NFU 'committed' to badger cull despite badger number concerns
THE NFU has stressed that it remains ‘committed’ to the badger cull despite concerns raised by a Defra survey revealing far higher badger numbers in the two cull areas than initially estimated.
But NFU president Peter Kendall has acknowledged that the cull organisers now face a ‘challenge’ to get the policy up and running this autumn.
Culling was expected to begin in at least one of the two pilot areas – West Gloucestershire and West Somerset – as early as the end of this week or early next week.
However, the publication by Defra of its survey of badger numbers in the cull areas has thrown a spanner in the works and prompted intense discussions over the past few days about whether it is feasible to start this autumn.
Responding to a Parliamentary Question from Shadow Defra Secretary Mary Creagh, Farming Minister David Heath revealed on Wednesday that the ‘best estimate’ for the number of badgers within each pilot area was 3,600 in West Gloucestershire and 4,300 in West Somerset.
This is double the number originally estimated in the West Gloucestershire area and about 60 per cent above the original West Somerset estimate.
The badger survey is central to the policy as it will determine how many badgers need to be culled to ensure the target of removing 70 per cent of badgers from the 300sq.km pilot cull areas is met.
A key question now is - given the substantial increase in the numbers of badgers that will have to be removed - whether the companies feel confident they can meet their targets with the resources they currently have at their disposal, which were based on much lower estimates of badger numbers.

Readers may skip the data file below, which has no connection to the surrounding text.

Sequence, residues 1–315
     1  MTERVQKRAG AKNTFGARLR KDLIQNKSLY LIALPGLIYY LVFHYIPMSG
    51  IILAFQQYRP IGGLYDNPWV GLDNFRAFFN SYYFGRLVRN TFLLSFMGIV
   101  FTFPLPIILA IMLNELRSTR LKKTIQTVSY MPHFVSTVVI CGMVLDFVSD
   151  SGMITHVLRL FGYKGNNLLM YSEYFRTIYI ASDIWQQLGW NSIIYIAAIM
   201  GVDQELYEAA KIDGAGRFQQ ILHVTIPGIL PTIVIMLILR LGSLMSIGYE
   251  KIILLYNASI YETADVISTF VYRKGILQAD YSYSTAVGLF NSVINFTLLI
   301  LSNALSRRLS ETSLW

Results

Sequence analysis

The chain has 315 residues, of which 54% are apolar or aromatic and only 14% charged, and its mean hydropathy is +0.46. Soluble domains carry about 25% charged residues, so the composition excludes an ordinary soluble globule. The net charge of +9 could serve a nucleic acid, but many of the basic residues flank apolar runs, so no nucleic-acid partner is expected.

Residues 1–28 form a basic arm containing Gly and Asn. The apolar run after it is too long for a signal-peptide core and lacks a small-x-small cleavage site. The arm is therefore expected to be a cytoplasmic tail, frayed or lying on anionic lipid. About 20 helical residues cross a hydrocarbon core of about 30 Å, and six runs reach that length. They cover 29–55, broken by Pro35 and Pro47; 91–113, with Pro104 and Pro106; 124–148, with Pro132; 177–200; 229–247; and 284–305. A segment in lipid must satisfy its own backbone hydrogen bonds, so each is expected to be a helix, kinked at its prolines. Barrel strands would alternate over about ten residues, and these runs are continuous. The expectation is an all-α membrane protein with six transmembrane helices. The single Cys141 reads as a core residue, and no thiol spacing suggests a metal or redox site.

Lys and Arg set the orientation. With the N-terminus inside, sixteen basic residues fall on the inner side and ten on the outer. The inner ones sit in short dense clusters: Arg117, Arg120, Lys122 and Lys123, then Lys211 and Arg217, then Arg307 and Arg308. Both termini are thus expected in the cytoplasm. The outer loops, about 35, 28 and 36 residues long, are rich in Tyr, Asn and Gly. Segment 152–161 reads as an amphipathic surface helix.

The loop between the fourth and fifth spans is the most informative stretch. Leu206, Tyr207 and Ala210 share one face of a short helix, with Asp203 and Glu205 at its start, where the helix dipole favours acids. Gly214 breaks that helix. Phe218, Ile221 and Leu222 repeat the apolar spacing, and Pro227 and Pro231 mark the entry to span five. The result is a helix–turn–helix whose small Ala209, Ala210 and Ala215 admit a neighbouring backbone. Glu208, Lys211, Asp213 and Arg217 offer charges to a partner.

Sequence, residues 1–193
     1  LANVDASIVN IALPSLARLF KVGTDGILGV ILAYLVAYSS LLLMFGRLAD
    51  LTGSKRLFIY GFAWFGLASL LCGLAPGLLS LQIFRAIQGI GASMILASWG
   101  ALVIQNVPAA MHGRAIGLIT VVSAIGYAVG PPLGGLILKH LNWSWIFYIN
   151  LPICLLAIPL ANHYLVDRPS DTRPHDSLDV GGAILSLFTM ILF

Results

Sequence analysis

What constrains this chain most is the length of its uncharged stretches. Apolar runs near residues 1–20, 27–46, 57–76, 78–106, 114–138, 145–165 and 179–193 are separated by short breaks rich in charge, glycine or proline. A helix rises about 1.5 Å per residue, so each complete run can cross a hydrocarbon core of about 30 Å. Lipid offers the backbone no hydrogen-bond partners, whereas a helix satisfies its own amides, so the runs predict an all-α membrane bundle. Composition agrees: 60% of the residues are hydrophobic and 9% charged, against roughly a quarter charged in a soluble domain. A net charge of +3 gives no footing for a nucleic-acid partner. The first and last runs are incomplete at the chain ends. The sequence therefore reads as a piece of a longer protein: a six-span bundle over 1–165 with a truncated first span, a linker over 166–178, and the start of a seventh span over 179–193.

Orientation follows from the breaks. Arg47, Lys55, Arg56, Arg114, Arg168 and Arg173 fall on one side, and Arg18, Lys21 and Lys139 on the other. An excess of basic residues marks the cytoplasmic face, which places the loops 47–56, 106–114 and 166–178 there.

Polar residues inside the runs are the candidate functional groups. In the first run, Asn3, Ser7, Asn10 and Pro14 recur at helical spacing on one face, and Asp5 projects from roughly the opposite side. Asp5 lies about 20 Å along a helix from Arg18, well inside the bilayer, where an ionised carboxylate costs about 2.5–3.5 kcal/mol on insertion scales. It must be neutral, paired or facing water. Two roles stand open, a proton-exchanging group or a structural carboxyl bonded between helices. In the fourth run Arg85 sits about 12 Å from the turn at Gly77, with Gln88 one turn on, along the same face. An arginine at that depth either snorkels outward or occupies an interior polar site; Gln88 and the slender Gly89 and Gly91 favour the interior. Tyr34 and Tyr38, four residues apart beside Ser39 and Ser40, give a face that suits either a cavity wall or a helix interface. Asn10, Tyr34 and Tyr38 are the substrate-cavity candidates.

Mr Kendall said on Friday: “We are working bloody hard to make sure this is deliverable. The latest numbers are making this more challenging but, before this starts, we have got to be very confident that we are going to deliver.”
The pilot culls are scheduled to last for six weeks and the timetable for an autumn cull was always going to be tight given the difficulties of culling once winter sets in.
Another potential complication is that the closed period for culling using cage traps starts on December 1, meaning the cull would have to start this weekend if cages are to be used alongside controlled shooting throughout the six-week period.
A Defra spokesman insisted there was ‘no change in badger cull policy’. “We are still absolutely committed to the pilot culls and we hope they will go ahead as soon as possible.”
He stressed that the pilot culls were examining the safety, efficiency and humaneness of controlled shooting, not caged trapping.
A Natural England spokeswoman confirmed on Friday that the agency was ‘still not in a position to issue the final licences’ as not all of the licence conditions had been met.
There had been feverish speculation in the media on Thursday over whether the cull will be shelved until next year, sparked initially when senior Defra Ministers and officials cancelled a series of interviews with journalists about the cull, then reinforced by the concerns over the Defra badger survey figures.
Commenting on Thursday, NFU director of policy Martin Haworth said: “The survey figures of badger numbers released this week shows how serious the badger problem is in the South West and they emphasise the need to tackle the problem of bovine TB as soon as possible.
“The NFU and the government have both made it clear they are committed to carrying out badger control culls as part of its TB eradication package.”
He refuted the suggestion that NFU president Peter Kendall had said the cull was now ‘too expensive’ as a result of the extra workload.
Mrs Creagh said the ‘last minute wobble’ over the policy ‘has all the signs of another Government shambles’. “Labour has always said the badger cull was bad for taxpayers, bad for farmers and bad for wildlife. This incompetent Government should listen to the scientists and stop the cull,” she said.
- This story was updated on Friday afternoon.